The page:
Life is far too complex to treat each situation as a contest and to put no thought into the consequences of one’s behavior. Each situation must be taken on a case-by-case basis or you are never likely to learn the lessons that life constantly lays before you.

On Thinking Things Over: A Paradox–An Analysis

Heinrich von Kleist – On Thinking Things Over: A Paradox

On Thinking Things Over: A Paradox by Heinrich von Kleist:
The virtues of reflection are proclaimed to the four corners of the globe, especially the dispassionate and protracted sort that precedes an action. If I were a Spaniard, an Italian or a Frenchman, the matter could rest there. But because I am a German, I will speak to my son as follows, particularly if he decides on a military career.

“Reflection, or thinking something over, finds its proper moment after rather than before an act. If it comes into play prior to it, or in the very moment of decision, it seems only to confuse, to obstruct and to repress the power to act, which flows from the glorious wellspring of our feelings; contrariwise, it is afterwards, when the action is already performed, that the end for which reflection was intended is best attained: namely, to make us aware of what was faulty and weak in the action, so that we may adjust our feeling for similar cases in future. Life itself is a contest with fate, and the same is true for ordinary action as for wrestling. The athlete, at that moment when he is holding his opponent in his grip, simply has no recourse but to act spontaneously, on inspiration; and if he begins to calculate which muscles to contract and which limbs to move in order to throw him, he will always draw the short straw and be thrown himself. But afterwards, when he has either won or found himself flat on the floor, that would be the proper time and place to think it over, and decide which pressure threw his opponent, or with which foot he ought to have tripped him in order to remain standing himself. Whoever does not hold tightly to life like that wrestler, and, at every turn of contest, in the face of whatever oppositions, pressures, retreats and responses, does not feel and act with every fiber of his being, such a man, try as he might, will never make his mark in a conversation, still less on a field of battle.” (From the book An Abyss Deep Enough: Letters of Heinrich von Kleist, with a Selection of Essays and Anecdotes. Edited, Translated and Introduced by Philip B. Miller; pg. 217).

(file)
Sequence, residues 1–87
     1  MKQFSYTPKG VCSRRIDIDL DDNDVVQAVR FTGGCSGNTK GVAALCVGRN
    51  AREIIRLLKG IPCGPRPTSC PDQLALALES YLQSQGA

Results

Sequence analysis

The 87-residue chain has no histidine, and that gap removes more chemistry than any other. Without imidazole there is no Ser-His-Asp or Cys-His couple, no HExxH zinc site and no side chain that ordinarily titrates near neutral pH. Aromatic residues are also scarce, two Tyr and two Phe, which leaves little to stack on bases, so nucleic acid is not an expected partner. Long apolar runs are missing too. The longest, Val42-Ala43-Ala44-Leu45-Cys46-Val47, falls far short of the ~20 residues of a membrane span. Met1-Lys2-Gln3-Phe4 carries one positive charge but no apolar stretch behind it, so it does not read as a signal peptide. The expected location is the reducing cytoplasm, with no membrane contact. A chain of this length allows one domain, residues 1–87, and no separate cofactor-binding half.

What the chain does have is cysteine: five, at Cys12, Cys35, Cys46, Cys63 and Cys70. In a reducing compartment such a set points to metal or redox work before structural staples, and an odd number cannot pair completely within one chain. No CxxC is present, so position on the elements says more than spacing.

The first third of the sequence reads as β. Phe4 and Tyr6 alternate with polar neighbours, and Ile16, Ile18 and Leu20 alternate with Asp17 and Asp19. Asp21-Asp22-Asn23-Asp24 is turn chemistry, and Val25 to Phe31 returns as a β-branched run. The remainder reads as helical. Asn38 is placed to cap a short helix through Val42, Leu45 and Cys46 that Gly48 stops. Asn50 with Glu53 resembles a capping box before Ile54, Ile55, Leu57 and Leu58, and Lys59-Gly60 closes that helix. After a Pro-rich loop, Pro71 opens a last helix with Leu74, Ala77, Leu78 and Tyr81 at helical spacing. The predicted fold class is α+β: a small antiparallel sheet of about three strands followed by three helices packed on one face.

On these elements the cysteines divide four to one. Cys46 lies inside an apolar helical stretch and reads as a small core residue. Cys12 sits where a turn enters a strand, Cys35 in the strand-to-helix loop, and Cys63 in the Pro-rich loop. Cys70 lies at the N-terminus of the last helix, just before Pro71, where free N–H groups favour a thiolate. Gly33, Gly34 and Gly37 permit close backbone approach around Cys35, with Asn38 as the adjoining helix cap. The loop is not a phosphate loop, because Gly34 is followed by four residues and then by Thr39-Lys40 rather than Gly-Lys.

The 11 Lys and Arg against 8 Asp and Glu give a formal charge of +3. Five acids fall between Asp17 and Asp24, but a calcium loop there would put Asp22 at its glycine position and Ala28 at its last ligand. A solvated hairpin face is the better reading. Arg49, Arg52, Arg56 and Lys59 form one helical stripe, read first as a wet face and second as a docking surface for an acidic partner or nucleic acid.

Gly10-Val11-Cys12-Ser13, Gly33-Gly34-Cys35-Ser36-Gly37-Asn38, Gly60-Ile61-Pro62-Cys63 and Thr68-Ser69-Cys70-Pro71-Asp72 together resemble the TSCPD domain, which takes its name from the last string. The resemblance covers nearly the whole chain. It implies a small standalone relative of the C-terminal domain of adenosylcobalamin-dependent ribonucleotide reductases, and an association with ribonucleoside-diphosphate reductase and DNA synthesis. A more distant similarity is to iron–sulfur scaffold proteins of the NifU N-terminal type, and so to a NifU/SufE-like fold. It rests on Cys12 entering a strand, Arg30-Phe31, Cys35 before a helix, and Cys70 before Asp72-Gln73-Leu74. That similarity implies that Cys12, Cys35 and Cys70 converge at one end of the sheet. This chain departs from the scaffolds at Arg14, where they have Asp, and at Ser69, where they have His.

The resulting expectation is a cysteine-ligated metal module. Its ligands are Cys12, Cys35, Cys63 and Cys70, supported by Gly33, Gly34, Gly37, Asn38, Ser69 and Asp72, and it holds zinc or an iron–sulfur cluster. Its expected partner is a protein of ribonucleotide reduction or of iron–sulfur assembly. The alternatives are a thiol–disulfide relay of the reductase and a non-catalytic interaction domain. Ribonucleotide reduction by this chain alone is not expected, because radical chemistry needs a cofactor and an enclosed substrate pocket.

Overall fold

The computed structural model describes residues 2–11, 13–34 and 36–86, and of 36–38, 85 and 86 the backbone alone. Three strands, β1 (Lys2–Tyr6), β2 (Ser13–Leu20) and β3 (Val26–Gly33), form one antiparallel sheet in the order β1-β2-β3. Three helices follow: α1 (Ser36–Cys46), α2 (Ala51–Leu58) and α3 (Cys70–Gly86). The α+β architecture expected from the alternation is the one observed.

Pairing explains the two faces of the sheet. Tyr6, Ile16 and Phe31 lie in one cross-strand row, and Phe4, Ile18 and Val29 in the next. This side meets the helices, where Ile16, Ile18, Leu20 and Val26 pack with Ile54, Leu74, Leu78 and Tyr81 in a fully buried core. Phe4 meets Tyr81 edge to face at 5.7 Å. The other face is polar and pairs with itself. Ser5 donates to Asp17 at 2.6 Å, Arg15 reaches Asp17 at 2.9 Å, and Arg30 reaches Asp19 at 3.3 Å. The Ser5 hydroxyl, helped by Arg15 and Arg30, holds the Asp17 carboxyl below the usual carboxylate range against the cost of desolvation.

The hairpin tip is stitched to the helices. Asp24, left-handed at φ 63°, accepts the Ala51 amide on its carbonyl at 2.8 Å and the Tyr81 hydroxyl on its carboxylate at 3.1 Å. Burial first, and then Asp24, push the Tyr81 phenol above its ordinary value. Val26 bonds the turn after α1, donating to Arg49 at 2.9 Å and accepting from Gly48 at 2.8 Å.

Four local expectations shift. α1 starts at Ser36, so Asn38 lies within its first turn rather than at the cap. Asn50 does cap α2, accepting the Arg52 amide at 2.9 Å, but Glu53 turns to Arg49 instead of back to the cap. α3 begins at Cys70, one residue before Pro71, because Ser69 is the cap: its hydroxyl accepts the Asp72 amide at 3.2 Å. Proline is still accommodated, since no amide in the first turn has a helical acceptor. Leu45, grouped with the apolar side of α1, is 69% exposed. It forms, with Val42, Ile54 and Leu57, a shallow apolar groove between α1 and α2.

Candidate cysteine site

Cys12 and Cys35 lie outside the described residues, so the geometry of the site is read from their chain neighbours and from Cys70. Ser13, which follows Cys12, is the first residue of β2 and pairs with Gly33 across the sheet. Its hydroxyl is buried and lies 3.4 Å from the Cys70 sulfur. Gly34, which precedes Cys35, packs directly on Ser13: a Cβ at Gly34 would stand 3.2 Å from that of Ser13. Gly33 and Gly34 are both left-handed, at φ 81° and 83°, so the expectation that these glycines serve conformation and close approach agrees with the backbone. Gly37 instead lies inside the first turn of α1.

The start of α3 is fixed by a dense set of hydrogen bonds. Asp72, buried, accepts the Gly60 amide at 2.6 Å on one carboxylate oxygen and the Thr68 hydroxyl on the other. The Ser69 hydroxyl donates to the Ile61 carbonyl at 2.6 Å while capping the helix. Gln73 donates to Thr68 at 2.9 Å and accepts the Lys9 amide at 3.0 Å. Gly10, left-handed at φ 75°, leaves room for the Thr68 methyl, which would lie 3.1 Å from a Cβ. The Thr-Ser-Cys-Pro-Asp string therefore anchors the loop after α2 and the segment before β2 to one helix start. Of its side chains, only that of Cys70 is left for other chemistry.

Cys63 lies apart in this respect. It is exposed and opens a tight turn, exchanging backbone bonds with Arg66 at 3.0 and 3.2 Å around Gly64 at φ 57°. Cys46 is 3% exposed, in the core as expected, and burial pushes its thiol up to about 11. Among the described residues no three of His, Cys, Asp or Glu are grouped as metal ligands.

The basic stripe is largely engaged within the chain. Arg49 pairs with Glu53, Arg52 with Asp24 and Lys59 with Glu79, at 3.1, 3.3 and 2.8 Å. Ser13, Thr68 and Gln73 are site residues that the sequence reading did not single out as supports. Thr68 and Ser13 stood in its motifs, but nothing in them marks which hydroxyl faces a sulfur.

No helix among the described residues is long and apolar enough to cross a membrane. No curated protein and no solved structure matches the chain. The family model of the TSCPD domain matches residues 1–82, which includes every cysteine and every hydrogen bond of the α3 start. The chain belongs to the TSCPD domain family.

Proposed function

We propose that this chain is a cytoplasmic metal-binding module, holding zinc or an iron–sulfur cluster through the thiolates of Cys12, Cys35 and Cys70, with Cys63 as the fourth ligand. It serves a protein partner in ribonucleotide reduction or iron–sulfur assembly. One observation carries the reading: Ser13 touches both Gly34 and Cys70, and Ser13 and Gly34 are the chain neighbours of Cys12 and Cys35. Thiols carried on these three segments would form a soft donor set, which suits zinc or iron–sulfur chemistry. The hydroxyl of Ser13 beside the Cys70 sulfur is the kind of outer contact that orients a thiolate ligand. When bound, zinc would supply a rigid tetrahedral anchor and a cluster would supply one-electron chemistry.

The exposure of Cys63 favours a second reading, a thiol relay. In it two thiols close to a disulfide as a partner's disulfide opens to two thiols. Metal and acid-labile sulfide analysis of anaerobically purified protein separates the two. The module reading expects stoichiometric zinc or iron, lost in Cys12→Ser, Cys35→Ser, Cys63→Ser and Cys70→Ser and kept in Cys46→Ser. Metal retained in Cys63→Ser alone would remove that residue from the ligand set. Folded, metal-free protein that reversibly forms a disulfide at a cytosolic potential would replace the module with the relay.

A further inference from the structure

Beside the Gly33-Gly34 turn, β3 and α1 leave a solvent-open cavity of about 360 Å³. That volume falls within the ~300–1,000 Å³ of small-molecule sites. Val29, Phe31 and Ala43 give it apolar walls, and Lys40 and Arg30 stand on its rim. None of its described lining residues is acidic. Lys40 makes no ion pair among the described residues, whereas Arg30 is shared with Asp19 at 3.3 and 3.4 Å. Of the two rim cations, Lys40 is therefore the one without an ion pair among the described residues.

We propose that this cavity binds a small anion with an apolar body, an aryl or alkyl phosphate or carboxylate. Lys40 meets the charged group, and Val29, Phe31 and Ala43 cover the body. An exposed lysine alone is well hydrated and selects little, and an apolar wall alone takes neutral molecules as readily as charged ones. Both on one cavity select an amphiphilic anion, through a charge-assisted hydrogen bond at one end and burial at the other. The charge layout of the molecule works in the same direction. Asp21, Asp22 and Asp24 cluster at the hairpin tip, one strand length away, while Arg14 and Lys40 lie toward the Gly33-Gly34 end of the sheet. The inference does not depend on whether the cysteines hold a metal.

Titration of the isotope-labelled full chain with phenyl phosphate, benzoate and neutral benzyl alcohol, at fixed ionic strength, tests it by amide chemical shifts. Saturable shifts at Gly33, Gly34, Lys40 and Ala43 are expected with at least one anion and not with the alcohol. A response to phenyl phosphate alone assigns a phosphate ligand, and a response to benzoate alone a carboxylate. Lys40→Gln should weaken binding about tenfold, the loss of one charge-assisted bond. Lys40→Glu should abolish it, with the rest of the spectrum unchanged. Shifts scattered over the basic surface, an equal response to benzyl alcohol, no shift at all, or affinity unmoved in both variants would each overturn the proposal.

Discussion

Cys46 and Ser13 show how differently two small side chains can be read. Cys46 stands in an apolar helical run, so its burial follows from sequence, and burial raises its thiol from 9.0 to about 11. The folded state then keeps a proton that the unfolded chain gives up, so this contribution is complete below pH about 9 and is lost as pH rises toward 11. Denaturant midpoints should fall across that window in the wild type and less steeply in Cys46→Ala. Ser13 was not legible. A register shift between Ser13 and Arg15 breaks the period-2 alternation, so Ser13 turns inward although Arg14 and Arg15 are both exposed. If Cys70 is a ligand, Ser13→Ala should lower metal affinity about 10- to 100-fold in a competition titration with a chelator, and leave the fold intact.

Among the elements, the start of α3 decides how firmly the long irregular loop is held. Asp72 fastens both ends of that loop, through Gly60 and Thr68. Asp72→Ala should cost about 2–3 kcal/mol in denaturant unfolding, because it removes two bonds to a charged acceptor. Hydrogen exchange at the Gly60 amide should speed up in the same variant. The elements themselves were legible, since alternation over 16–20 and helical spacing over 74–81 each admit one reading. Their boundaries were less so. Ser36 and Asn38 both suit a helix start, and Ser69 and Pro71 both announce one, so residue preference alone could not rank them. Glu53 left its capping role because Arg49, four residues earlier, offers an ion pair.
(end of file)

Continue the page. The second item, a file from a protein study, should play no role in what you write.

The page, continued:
My reflection on the above :

Mr. Von Kleist believes that “reflection, or thinking something over finds its proper moment after rather than before an act.” He holds up as “dispassionate and protracted” the sort that comes before an action. His opinion stems from the premise that life is essentially a contest with fate. Holding this view sets up everything and every situation as a win/lose situation. He believes that mental exercise at the outset of an action can only serve to cloud the issue or lessen the effectiveness of our emotional responses. My contention is that there are situations where you can’t think before you act, and that in most, if not all situations, you should meditate afterwards anyway.

My rationale to come later.